For Saito, this conclusion was the result not only of Marx’s studies of the Russian commune, but of his ecological explorations, inspired by Liebig and by Fraas. Fraas pointed out that some societies — characterized by communal and egalitarian structures — had engaged in non-destructive relations with the environment.

Fraas discussed the work of Georg Maurer on the German communal societies. Probably prompted by Fraas, Marx took up Maurer’s study to which he attributed an unconscious socialist tendency.(14) Thus, by the time of Zasulich’s inquiry Marx was ready to embrace the pre-capitalist peasant commune as the prefiguration and model for a steady-state, degrowth, or no-growth, communism.

Capitalism: Progress and Destruction

According to Saito, this “passionate” embrace of the Populists’ perspective was the endpoint of Marx’s social theory: His new understanding of the destructive aspect of capitalist development “made Marx doubt whether Western Europe, with its ‘higher’ productive forces, was in fact superior to non-Western and pre-capitalist societies.”(15) According to Saito, “This shift made him thoroughly rethink his previous assumption about the progressive character of capitalism.”(16)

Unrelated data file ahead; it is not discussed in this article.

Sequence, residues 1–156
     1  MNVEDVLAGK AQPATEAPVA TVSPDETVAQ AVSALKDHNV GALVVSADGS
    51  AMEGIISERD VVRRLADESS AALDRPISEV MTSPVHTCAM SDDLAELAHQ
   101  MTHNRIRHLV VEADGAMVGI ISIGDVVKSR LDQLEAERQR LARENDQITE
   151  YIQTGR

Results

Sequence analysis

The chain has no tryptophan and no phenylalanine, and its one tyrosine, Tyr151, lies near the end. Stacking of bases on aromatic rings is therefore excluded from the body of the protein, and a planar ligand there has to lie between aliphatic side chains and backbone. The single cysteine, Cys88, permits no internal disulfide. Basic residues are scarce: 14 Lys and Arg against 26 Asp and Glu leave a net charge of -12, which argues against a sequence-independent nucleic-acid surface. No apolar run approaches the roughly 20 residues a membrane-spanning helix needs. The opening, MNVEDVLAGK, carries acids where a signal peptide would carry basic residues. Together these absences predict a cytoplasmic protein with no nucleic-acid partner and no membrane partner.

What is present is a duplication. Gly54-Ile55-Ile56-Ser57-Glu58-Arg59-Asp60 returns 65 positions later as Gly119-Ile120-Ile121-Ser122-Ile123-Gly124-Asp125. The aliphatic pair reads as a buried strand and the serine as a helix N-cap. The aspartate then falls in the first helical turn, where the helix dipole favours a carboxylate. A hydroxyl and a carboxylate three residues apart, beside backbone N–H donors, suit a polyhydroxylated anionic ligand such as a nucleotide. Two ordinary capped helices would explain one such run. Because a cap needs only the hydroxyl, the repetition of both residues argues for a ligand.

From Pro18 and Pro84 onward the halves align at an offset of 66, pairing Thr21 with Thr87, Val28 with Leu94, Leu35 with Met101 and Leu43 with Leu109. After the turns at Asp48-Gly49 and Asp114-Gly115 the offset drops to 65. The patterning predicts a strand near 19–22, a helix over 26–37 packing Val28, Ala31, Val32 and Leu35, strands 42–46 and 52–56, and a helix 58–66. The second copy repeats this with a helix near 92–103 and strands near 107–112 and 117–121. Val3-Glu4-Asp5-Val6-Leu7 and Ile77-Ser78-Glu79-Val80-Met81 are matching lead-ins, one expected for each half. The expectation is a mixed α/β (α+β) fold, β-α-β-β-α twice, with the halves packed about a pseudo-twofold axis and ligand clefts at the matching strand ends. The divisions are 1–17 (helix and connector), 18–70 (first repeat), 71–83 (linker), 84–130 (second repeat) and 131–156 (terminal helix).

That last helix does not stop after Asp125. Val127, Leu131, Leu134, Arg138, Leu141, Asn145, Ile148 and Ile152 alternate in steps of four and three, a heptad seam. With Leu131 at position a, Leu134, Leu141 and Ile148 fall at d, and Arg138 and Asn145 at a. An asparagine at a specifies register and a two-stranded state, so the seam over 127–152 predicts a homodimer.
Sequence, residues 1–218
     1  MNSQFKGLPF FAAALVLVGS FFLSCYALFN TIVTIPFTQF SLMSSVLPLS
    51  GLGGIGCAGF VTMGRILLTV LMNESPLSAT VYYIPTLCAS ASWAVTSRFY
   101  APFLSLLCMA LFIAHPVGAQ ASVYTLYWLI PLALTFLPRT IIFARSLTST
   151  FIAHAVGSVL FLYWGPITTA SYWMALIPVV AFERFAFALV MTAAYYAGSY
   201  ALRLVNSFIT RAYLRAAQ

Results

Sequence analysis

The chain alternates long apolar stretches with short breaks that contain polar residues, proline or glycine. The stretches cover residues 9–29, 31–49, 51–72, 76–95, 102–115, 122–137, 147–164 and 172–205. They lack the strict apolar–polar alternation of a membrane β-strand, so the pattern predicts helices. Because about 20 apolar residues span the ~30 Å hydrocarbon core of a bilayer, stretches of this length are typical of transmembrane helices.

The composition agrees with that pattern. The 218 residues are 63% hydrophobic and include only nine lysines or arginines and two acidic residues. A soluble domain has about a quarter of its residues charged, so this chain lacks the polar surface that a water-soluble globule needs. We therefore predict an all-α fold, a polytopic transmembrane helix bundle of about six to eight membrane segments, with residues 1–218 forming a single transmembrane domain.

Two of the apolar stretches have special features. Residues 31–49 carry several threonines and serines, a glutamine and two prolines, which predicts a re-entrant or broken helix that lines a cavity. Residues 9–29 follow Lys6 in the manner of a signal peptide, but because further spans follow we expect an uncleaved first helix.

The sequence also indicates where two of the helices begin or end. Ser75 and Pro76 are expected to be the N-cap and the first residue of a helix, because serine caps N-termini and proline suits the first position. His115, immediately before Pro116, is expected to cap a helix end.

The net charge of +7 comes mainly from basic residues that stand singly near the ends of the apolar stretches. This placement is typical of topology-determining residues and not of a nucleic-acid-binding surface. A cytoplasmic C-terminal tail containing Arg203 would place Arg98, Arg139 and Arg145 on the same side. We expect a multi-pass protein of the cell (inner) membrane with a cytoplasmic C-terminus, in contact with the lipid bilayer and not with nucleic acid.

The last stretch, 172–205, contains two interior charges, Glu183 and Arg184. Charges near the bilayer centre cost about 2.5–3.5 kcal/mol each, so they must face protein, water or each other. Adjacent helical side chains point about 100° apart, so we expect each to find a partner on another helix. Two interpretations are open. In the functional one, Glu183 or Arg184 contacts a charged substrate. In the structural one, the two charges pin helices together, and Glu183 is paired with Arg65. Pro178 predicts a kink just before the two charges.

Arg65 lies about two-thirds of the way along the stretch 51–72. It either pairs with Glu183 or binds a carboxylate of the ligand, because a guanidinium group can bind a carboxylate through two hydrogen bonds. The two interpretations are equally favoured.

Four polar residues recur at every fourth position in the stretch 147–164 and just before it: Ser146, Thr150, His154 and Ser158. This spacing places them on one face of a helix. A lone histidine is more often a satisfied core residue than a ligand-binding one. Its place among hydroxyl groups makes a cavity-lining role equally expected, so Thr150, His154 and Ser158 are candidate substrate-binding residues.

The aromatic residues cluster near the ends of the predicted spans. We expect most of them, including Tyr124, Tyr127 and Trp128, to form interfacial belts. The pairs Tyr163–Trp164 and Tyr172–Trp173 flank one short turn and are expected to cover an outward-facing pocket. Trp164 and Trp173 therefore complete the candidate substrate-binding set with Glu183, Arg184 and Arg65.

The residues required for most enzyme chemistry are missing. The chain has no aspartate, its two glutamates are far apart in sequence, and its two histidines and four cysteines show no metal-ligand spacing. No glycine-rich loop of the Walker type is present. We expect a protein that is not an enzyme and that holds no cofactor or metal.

Furthermore, argues Saito, “If the consequence of capitalism was not progress, but irreversible destruction of the natural environment and of society, the one-sided view of history as progress was seriously shaken.”(17) Before this, Marx considered that capitalism created the basis for socialism, but he now realized that “Capitalism was not a phase of advance toward communism. Capitalism destroys the ‘natural vitality’ required for human progress.”(18)

Thus the 1881 letter to Zasulich was “an authentic theoretical transformation. The definitive distancing from history as progress”(19)

According to Saito, Marx in this fashion “abandoned his earlier scheme of historical materialism. It was not an easy task for him. His worldview was in crisis. In this sense, Marx’s intensive research in his last years was a desperate attempt to reconsider and reformulate his materialist conception of history from an entirely new perspective, resulting in a radically different conception of the alternative society.”(20)

At this time Marx also embraced the idea of stationary communal practices as the main form of resistance to capitalism.(21) In sum, according to Saito: by 1881 Marx had formulated his own version of Russian populism. Thus Marx is relevant for the Anthropocene, but only because in his later years he abandoned much of what is commonly known as Marxism.

There is, to put it bluntly, no basis for these claims.(22) The main texts cited by Saito, such as the letter to Zasulich and the 1882 “Preface” to the Communist Manifesto are the best refutation of his theses. Rather than “passionate,” Marx’s endorsement of the Russian Populist perspective is better described as conditional.